Inside: Wondering how to supplement public school education at home? Read some great reasons to consider afterschooling at home.
Like a symmetrical kaleidoscope, I had it all planned out. My future children would be well-educated, speak five languages, play several instruments, and eat only organic food made at home. I was wooed by the call of “Tiger Mom” and her tribe and my initial efforts in actual motherhood were quite sheroic. I spoke only French to my daughter, attended Mommy and Me Chinese classes in New York City (we lived in New Jersey at the time), we avoided all screens before age two, and she was sleeping in her own toddler bed before her brother came along. My dream was becoming a reality.
Then came the Terrible Twos and the Second Child. Ever heard of a hand baby? My son would scream whenever you put him down. And my daughter would scream if you chose her clothing. Not to mention trying to work at a law firm and stay sane. Needless to say, after a few months, English reigned again in the house, my son skipped Sesame Street and went straight to “Doc McStuffins” with my daughter, and fast food was a welcome relief. The “Tiger Mom” had become a Lamb Mama.
This great dose of reality did not quell my desire to enrich my children’s education, however. I had to step back and embrace the reality of the situation. Each day, whether it was after I picked up my daughter from preschool or after some fun time in the pool, I looked for ways to teach my kids more than the basics.
Whether it was reading aloud, arts and crafts, science experiments, or outings to the library for puppet shows, I never left the schooling solely to someone else. And when I had free time, I found myself reading books about homeschooling, reading aloud, parenting, and different curricula to engage children.
There were three results of these simple actions:
1) I found myself really understanding how my children learned;
2) I spent more quality time with my children; and
3) their success and true understanding of the material was greatly enhanced.
Since this time, I have been passionate about encouraging other working parents to take on “afterschooling.”
What is Afterschooling?
Afterschooling refers to activities performed by parents to supplement learning at home, after your child finishes school.
For many parents, this may seem like an overwhelming task. Many women especially are working stressful jobs and even more than one job to make ends meet. We are sometimes in survival mode – providing only dinner, a bath, and minimal help with homework assigned by a teacher. My message to all working parents is that you can be a significant part of your child’s education.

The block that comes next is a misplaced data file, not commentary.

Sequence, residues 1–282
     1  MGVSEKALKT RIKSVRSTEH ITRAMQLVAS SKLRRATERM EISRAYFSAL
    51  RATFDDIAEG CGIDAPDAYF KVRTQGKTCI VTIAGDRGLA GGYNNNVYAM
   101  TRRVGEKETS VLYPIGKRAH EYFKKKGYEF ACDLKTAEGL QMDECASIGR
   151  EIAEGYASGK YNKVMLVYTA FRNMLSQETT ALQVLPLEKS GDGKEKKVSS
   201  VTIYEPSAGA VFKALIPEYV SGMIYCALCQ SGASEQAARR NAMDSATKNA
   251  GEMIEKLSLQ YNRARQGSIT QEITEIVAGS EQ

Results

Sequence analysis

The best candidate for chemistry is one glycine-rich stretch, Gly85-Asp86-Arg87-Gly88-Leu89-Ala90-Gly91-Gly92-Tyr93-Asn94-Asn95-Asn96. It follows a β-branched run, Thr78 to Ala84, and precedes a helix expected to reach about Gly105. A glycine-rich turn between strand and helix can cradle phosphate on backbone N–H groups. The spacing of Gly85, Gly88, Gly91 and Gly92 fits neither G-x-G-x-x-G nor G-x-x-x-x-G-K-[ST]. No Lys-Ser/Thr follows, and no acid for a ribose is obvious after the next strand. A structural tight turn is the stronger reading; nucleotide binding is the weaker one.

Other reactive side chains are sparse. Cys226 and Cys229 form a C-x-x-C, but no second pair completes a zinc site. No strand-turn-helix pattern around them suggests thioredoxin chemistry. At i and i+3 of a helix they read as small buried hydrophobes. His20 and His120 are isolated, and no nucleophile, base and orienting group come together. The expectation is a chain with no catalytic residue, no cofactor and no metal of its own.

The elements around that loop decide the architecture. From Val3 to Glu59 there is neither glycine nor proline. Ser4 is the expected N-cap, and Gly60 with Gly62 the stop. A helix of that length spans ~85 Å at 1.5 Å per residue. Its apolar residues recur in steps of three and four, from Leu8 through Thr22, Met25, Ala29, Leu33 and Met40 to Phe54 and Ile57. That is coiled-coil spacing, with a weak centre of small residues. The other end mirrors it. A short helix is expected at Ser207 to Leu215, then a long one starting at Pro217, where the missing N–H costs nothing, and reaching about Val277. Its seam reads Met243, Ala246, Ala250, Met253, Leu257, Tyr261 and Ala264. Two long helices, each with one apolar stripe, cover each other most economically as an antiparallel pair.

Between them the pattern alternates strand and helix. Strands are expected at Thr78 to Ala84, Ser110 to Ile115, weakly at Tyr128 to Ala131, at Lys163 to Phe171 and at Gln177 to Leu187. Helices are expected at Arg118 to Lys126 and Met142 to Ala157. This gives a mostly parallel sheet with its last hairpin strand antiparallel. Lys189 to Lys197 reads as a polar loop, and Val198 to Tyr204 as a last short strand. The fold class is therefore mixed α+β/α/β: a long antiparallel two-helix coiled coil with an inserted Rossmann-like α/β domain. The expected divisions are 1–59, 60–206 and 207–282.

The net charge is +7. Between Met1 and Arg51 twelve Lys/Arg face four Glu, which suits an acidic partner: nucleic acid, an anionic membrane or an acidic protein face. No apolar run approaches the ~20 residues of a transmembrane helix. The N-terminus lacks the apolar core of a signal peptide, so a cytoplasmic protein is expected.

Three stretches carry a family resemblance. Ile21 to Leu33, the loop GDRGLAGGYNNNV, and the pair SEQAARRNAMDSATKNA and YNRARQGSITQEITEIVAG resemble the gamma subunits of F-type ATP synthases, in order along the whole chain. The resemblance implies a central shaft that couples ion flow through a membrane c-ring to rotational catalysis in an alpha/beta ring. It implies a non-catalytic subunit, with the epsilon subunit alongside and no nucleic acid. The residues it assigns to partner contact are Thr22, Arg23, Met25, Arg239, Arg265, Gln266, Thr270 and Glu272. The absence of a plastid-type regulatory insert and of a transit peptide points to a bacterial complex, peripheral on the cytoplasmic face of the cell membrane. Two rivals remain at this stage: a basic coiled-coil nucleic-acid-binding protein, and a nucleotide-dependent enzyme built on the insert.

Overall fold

Here are some tips to get started:
Identify your goal with afterschooling.
Figuring out what your goal is with afterschooling is a great way to focus on a task that may seem daunting. Do you want to delve into a subject that interests your child? Perhaps you want to review subject(s) where your child struggles or challenge a child who is gifted? You may also want to learn about a subject that is not offered in school. Choose one or two goals and you will be well on your way.
Determine how you will afterschool.
Deciding how you will afterschool is the next step. Will you ask your child to do independent work, such as worksheets or online computer programs? Will you engage in read-aloud sessions or use creative play to teach certain subjects. The options are endless and should suit what feels right for you and your family.
Engage your children in the process.
Once you determine how you will afterschool, involve your children in the process and ask for their ideas and thoughts. They may have suggestions about when to start each day, such as after a snack or play date. They may also have preferences about the types of books they read or programs they will use. When children have some say in how the process works, they will be more willing to participate each day with you.
Establish a schedule for afterschooling.
As we all know, things rarely get done if they are not written down. A schedule that is clear and can be followed by you, your children, a partner, or a babysitter will allow for an easy transition when children come home from school (or end distance learning).
Afterschooling has been an extremely satisfying part of parenting for me and has allowed me to be the parent I always wanted to be. My hope is that all parents have the opportunity to experience the same feeling.
Cheoma Smith is a mother of two, an attorney, and the Founder of Afterschooling (www.afterschoolingmom.com).
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